All for one, one for all • The Three Musketeers, Alexandre Dumas
Romanticism and The Rise of the Novel • 1800–1855
The historical novel
1800 Anglo-Irish writer Maria Edgeworth’s Castle Rackrent is in the vanguard of a fashion for historical fiction.
1814 Waverley, by Scottish writer Walter Scott, is the first in a series of historical novels that includes Rob Roy (1817) and Ivanhoe (1820).
1823—41 US author James Fenimore Cooper writes his “Leatherstocking Tales”, historical fictions that include The Pioneers (1823) and The Last of the Mohicans (1826).
1829 Honoré de Balzac’s The Chouans tells of the 1799 royalist uprising in France.
1989 Gabriel García Márquez’s The General in His Labyrinth is a postmodern historical novel about Simon Bolivar, “Liberator of South America”.
Although the idea of setting a novel in a previous period of history was not a new one — fictional tales of the past are as old as literature itself — the historical novel as a distinct genre achieved unprecedented popularity in the 19th century. Demand came first in Britain, and was stimulated by the novels of the Scottish writer Sir Walter Scott, which appeared between 1814 and 1832. These had a huge readership, in Britain and abroad, and their success inspired a wave of similarly themed novels.
By the 1820s, the influence of Scott’s novels in particular had spread as far as the USA, where James Fenimore Cooper wrote the popular “Leatherstocking Tales”. Translations of British historical fiction were also creating a market for the genre across Europe, notably in France, where it was taken up by writers such as Victor Hugo and Honoré de Balzac. The most popular of the French historical authors, however, was Alexandre Dumas.
"Never fear quarrels, but seek hazardous adventures."
The Three Musketeers
A thirst for adventure
The first of Dumas’ novels, The Three Musketeers, appeared in serial form in 1844, and almost immediately made him a household name. The novel contained all the ingredients of the popular fiction of the time: dashing, romantic heroes and wily villains; plots involving derring-do and camaraderie; and the backdrop of a period that was well known to its readers for political intrigue.
At the time of the book’s publication, France had undergone a turbulent period post-Revolution: tensions between monarchists and republicans were unresolved, and the romantic depiction of a fictionalized past appealed to those yearning for a more settled time.
At the heart of Dumas’ story is d’Artagnan, a young nobleman who leaves his home in Gascony to join the Musketeers of the Guard in Paris, in 1623. Through a series of misadventures, his ambition is thwarted, but he ends up first duelling with, and then befriending, the three musketeers of the title, Athos, Porthos, and Aramis. Together they embark on a series of missions to save the honour of the queen, and to ensure that the king is not hoodwinked by the machinations of First Minister Cardinal de Richelieu into a war with the English. Along the way, there is much carousing, and inevitable romantic liaisons.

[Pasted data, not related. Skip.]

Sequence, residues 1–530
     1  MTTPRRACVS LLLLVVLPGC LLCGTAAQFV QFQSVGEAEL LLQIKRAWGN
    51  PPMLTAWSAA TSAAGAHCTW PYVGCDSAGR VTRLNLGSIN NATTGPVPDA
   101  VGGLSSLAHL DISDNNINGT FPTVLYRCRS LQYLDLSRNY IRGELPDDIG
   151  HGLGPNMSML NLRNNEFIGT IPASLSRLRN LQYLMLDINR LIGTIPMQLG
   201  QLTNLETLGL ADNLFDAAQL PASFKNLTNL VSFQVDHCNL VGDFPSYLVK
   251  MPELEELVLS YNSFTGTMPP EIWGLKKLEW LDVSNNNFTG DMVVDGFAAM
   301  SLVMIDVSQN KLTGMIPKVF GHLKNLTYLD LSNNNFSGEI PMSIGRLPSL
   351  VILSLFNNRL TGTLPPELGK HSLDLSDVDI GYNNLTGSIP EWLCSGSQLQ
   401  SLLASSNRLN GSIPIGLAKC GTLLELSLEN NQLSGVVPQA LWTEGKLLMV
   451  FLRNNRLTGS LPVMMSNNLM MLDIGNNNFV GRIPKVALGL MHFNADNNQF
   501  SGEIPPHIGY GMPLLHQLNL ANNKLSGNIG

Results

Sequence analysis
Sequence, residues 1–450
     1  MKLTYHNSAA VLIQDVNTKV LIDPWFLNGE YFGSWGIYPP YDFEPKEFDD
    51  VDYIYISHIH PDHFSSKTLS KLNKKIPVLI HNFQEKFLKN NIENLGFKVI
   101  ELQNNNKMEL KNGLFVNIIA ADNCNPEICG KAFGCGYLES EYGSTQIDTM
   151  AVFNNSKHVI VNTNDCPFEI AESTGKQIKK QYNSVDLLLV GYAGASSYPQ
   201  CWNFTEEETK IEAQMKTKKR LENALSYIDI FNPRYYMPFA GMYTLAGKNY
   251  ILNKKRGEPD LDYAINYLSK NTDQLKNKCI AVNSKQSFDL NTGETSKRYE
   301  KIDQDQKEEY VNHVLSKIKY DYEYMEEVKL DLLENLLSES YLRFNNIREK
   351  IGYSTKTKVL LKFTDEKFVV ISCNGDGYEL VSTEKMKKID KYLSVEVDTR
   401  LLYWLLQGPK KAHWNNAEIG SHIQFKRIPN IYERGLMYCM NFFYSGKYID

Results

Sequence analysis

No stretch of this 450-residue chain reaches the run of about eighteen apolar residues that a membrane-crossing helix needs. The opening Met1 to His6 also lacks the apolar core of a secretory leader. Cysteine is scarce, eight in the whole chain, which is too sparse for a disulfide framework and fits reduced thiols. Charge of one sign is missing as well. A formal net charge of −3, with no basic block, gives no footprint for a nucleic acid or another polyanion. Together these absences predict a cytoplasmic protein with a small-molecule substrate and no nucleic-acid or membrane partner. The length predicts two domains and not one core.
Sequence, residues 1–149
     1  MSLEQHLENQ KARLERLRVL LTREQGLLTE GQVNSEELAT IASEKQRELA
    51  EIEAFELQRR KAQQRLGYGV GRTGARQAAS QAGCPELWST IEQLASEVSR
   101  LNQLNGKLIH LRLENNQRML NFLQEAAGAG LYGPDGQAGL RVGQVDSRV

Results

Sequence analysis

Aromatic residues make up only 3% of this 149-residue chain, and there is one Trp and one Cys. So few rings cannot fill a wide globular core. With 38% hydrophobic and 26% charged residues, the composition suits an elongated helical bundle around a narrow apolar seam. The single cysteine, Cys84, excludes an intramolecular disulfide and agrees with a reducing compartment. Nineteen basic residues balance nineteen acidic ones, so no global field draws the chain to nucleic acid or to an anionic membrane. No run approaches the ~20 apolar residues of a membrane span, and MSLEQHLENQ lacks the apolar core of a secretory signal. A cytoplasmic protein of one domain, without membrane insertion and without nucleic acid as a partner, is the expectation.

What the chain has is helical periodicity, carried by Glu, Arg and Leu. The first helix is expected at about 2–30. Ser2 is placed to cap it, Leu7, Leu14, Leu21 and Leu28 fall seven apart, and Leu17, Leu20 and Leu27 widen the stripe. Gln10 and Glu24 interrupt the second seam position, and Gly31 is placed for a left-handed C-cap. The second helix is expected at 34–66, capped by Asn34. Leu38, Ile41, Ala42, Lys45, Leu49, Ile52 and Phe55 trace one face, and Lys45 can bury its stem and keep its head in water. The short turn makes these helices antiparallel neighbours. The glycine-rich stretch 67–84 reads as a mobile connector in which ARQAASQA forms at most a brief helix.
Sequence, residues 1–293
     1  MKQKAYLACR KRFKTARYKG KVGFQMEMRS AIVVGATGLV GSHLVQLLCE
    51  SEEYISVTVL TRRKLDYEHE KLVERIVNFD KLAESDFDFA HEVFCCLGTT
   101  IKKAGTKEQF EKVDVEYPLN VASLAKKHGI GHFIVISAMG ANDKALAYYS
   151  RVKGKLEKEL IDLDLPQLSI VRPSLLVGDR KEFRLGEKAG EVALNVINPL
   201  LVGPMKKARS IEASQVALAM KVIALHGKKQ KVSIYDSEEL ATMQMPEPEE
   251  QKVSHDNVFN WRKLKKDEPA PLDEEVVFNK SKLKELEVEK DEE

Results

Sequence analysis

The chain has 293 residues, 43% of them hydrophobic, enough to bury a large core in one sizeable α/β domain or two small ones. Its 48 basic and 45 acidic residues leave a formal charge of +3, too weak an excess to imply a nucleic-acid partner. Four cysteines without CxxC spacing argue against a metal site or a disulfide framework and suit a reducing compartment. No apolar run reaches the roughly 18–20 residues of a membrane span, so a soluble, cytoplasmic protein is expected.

Beneath the swashbuckling, however, Dumas makes some serious points, and is critical in his portrayal of the period. His musketeer heroes are brave and attractive, but show a blind allegiance to the monarchy, and are not always gentlemanly in their treatment of others. And the object of their loyalty, King Louis XIII, is portrayed as gullible and weak: he is ruthlessly manipulated by the cardinal and his agents, the Comte de Rochefort and Milady de Winter.
The instalments of the story were eagerly awaited by the French public in the summer of 1844, and were translated widely. Building on this success, Dumas serialized two further “d’Artagnan Romances”, Twenty Years After and The Vicomte of Bragelonne, and the similarly styled The Count of Monte Cristo, all of which have remained popular, both in their original novel form and as adaptations for television and the cinema.
The Musketeers of the Guard, a brotherhood of bodyguards, are the focal point of a story that combines international politics, courtly intrigue, friendship, enmity, and romantic entanglements: a historical tale with timeless themes that guarantee its enduring popularity.
Alexandre Dumas was born Alexandre Davy de la Pailleterie in Picardy, France, in 1802. His father was the son of the governor of Saint-Domingue (now Haiti) and an Afro-Caribbean slave woman, Marie-Cessette Dumas.
Like his father, Alexandre later adopted the surname of his grandmother, but it was his aristocratic ancestry that helped to launch his career as a writer. He found work with the Duke of Orléans (who later became the “Citizen King” Louis-Philippe), and after initial success with historical drama, turned to writing novels. These included the adventures of d’Artagnan, for which he became famous. When Louis-Philippe was deposed, Dumas fled France in 1851 and did not return until 1864.
Dumas had many affairs, and is said to have fathered at least four children, including a son Alexandre, who also became a writer and is often known as fils (son).
Other key works
1845 Twenty Years After
1847—50 The Vicomte of Bragelonne
See also: Ivanhoe • The Last of the Mohicans • Les Misérables • War and Peace • A Tale of Two Cities